Grand Central Market
Downtown’s modern take on the old-fashioned food court, the Grand Central has been a landmark since 1917. It’s a riot of the old and new, where you can try ceviche, tostadas, and Thai street food. The vendors change, but two that aren’t going anywhere are Chef Mark Peel’s Bombo and Wexler’s Deli from local food champ Micah Wexler.
Downtown LA for families
Picture a place where you can see movie stars, chart-topping songstresses, and a world-beating basketball team all within a nickel’s throw of each other and you’ll get this mammoth US$2.5 billion dollar entertainment and dining complex. There are cinemas, concert venues, and sports stadia, but for the ultimate LA experience, take in an LA Lakers game.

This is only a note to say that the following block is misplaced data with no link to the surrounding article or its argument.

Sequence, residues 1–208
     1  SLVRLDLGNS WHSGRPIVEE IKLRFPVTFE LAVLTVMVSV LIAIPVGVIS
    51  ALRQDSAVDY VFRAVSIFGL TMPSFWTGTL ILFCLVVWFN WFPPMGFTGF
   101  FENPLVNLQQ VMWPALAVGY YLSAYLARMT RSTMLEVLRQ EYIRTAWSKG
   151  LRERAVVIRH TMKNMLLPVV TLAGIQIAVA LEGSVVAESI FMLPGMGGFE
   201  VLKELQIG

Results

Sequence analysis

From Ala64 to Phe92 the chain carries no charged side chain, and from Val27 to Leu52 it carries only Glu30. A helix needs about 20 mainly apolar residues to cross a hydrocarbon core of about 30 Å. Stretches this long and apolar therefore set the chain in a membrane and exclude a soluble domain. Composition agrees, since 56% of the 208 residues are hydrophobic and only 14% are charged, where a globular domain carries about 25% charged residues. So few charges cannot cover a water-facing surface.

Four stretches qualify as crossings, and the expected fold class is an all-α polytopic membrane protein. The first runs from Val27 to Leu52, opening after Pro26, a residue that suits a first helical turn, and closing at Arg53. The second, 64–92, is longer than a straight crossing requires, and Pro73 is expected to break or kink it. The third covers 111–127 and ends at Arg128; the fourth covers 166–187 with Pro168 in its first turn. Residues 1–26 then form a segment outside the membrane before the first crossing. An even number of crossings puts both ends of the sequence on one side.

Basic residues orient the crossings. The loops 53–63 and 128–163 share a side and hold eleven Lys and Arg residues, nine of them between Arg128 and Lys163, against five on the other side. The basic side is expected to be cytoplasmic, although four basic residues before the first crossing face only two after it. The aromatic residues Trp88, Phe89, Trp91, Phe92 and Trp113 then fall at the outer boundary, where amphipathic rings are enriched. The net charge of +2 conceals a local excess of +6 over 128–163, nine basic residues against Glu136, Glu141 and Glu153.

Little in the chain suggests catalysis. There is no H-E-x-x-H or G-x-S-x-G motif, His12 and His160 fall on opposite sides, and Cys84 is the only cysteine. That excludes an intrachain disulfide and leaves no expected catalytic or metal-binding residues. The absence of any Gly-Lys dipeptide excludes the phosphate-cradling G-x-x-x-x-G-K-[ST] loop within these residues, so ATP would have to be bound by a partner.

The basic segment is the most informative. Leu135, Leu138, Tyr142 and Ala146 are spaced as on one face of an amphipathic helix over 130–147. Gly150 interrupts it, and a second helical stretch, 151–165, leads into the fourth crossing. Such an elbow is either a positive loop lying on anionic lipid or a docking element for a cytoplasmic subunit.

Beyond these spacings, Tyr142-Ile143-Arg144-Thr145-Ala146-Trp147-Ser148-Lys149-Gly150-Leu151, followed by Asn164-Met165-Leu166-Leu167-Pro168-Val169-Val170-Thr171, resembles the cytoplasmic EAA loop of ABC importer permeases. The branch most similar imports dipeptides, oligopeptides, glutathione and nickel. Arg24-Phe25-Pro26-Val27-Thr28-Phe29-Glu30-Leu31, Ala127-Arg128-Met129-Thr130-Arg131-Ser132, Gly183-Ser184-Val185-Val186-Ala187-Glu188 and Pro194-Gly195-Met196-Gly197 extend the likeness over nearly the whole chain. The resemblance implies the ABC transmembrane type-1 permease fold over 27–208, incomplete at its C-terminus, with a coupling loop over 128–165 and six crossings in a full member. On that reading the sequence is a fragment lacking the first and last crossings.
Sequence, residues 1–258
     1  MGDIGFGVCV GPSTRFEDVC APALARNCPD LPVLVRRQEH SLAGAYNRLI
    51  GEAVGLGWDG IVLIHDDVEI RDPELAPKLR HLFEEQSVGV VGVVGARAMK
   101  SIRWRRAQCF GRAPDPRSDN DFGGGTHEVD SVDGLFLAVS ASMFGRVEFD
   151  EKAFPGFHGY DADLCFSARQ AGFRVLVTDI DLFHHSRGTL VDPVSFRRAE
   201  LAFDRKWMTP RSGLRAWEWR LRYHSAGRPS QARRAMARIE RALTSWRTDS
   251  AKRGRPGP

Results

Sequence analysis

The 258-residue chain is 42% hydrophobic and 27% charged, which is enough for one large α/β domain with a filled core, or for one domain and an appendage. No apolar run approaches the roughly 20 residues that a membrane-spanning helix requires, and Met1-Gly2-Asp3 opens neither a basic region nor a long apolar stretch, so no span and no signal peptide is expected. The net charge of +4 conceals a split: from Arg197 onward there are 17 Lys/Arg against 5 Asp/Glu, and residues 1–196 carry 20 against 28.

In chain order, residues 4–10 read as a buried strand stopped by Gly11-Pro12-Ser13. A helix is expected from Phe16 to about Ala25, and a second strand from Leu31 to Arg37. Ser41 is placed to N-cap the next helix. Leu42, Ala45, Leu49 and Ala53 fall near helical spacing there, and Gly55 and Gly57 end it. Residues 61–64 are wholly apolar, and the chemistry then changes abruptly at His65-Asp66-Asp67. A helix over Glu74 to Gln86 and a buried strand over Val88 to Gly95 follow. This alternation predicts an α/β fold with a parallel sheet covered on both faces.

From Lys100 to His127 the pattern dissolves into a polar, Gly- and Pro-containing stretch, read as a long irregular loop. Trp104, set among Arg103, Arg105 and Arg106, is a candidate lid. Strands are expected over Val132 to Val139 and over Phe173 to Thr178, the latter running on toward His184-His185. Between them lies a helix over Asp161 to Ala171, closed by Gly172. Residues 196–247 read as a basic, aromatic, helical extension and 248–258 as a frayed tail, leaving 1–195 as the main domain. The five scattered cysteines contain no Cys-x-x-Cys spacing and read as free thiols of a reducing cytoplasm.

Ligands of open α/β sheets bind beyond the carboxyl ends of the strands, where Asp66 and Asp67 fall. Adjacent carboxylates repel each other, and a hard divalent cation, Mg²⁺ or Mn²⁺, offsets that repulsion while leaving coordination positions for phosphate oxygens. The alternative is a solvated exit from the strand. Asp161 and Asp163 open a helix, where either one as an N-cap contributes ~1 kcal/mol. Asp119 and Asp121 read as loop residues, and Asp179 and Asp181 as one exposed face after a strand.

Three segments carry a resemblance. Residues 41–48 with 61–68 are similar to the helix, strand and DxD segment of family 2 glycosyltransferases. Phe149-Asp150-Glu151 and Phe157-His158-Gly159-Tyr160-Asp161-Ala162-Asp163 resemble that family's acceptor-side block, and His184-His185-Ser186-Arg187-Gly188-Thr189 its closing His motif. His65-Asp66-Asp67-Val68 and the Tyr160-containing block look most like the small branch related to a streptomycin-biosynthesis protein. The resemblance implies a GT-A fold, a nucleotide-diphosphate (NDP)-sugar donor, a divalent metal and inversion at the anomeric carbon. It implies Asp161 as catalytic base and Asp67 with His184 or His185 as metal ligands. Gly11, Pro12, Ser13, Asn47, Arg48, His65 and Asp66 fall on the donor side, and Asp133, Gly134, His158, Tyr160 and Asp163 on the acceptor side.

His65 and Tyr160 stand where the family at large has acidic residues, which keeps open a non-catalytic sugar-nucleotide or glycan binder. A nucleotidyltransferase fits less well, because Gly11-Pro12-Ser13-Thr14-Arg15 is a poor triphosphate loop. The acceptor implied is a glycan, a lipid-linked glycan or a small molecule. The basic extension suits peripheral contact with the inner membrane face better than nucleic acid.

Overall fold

Located around the corner from the Staples Center where the annual Grammy Awards takes place, this interactive and educational museum is dedicated to pop music history. While the kids go gaga for, er, Lady Gaga, oldies can celebrate the life and times of Ol’ Blue Eyes; the current big-ticket exhibition is dedicated to Frank Sinatra (until February 15, 2016). It features ephemera, never-before-seen photos, and family mementoes.
Engine Co. No 28
This restaurant, housed in a historic, renovated fire station dating back to 1912, serves up firefighter favourites from across the USA. Junior firefighters will love the mac and cheese, and fudge sundaes.
Los Angeles, USA
Distance: 13,366 km
Flight Time: 16 hours, 25 minutes